Mazzetti Mechanical Designer Nicole (a.k.a. Nicky) Dunbar was a member of the first place team, from Portland State University (PSU), in ASHRAE’s Student Design Competitions for Integrated Sustainable Building Design. (Nicky graduated from PSU with a M.S. in Mechanical Engineering in May of 2015.) Nicky was one of an elite group of fifty-four individuals recognized for achievements and contributions to ASHRAE and the engineering industry at the Society’s 2016 Winter Conference, Jan. 23 in Orlando, Fla. (Read more about the award ceremony in ASHRAE’s press release.)
ASHRAE sponsors student design competitions to encourage students to join a profession that is crucial to ensuring a sustainable future for our Earth – the design of energy-efficient HVAC systems. Ultimately students should start to understand why architects and engineers must collaborate early to determine building orientation, layout, materials, mechanical systems, and electrical systems that meet the client’s needs and work with the surrounding environment to minimize energy consumption.
Student Design Competition Categories:
- HVAC Design Calculations
- HVAC System Selection
- Integrated Sustainable Building Design (ISBD)
- The Applied Engineering Challenge
Nicky’s team participated in Integrated Sustainable Building Design (ISBD). This competition category required multidisciplinary teams to design an energy efficient, sustainable building, approaching “Zero Energy”, minimizing energy demands for HVAC and all other technical systems that could be satisfied with locally available or building-installed renewable energy sources (RES). Students were asked to satisfy a national or local sustainability standard (LEED or the equivalent in their country) and implement RES to approach the “Zero Energy” limit. A preliminary stage was permissible for the final design, as the competition’s basic intention is to challenge students’ imaginative thinking and creative engineering approach to the building and its systems.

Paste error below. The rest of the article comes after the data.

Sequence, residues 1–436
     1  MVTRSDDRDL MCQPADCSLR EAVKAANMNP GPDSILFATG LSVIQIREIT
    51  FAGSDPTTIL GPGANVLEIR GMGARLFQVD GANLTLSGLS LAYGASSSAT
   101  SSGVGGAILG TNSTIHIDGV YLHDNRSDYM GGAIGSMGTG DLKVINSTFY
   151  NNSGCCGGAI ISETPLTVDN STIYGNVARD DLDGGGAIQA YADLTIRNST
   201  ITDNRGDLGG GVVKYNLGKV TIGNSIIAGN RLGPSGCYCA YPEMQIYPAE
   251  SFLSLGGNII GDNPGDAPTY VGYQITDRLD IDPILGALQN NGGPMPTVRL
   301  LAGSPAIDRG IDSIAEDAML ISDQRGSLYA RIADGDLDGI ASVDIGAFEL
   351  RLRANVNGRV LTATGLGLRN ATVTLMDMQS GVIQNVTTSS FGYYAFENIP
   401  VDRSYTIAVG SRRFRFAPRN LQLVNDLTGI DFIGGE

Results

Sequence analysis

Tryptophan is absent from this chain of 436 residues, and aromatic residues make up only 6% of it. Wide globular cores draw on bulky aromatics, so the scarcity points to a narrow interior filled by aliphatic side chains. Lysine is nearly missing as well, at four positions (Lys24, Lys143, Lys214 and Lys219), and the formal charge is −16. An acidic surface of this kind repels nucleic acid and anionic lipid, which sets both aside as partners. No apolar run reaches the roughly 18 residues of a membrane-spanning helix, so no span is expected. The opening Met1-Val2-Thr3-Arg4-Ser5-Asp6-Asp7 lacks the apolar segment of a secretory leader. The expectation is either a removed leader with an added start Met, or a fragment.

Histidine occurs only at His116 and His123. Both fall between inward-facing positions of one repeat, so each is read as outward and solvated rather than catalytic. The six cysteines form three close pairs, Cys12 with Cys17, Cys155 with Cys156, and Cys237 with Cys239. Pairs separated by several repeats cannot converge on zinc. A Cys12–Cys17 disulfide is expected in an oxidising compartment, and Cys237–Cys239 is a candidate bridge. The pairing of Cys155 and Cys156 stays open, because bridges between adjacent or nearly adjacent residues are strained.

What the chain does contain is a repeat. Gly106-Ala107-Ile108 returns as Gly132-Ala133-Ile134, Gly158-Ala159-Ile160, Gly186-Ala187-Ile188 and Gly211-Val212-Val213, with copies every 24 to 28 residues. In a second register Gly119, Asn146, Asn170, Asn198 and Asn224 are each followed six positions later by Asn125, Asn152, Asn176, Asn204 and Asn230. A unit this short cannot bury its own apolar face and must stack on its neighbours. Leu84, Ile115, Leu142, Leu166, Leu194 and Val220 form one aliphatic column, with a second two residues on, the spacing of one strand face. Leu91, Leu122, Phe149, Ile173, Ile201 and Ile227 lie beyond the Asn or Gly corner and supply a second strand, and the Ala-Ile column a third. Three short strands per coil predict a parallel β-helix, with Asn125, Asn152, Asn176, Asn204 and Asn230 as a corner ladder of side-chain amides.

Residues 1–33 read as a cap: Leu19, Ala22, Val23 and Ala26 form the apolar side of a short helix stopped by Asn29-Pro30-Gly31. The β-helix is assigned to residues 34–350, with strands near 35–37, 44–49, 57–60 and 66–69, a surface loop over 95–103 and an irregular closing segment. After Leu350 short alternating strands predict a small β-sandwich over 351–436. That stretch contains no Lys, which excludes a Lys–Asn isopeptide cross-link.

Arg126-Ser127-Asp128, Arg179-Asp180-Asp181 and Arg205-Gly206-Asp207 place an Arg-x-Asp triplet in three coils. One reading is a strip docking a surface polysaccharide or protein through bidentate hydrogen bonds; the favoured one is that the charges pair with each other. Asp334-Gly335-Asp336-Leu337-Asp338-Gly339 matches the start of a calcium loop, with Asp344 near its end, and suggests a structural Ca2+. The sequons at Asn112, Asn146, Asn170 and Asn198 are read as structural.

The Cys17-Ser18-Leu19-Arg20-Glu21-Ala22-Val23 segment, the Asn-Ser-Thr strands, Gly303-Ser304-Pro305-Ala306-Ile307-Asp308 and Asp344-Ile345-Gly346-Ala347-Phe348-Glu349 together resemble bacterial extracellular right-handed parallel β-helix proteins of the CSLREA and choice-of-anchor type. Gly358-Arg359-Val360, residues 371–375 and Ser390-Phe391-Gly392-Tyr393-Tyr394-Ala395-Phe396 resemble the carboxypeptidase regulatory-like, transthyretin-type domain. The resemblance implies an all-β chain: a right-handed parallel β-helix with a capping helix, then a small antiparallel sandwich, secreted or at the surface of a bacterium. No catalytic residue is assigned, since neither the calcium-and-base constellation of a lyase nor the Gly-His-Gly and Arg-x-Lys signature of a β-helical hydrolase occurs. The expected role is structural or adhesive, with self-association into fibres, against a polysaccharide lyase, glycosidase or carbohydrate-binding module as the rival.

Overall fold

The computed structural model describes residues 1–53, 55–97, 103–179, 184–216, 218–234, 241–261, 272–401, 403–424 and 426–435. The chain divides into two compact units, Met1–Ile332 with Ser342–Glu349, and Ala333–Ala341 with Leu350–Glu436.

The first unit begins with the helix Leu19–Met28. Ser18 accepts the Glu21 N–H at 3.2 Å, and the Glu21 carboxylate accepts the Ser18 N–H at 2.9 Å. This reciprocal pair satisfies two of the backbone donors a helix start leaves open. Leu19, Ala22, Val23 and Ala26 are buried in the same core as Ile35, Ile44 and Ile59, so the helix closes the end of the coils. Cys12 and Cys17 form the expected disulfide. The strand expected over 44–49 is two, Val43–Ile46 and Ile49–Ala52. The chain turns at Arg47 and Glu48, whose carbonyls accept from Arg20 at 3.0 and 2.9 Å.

The teams were presented an educational building in Doha, Qatar. Participants were asked to create a building that would meet energy efficiency goals set by ASHRAE for the competition. Nicky’s winning team, rotated the building 205° CCW to maximize self-shading and utilize the prevailing wind direction to complement thermal mass cooling strategies. Shaded low SHGC windows were selected for the east and west walls to reduce solar gain while still providing adequate daylighting to the space. Autoclaved Aerated Concrete walls were selected for their high thermal mass, low cost, and recyclable material composition. The mechanical system was comprised of radiant beams with a dedicated outdoor air system, energy recovery ventilator, and thermal storage. This system was systematically compared against the baseline model as well as high-performance options and chosen for its low energy demand, appropriate initial cost, and life-cycle reliability. The final building design was estimated to have an Energy Use Intensity (EUI) of 24 Btu/sf/year.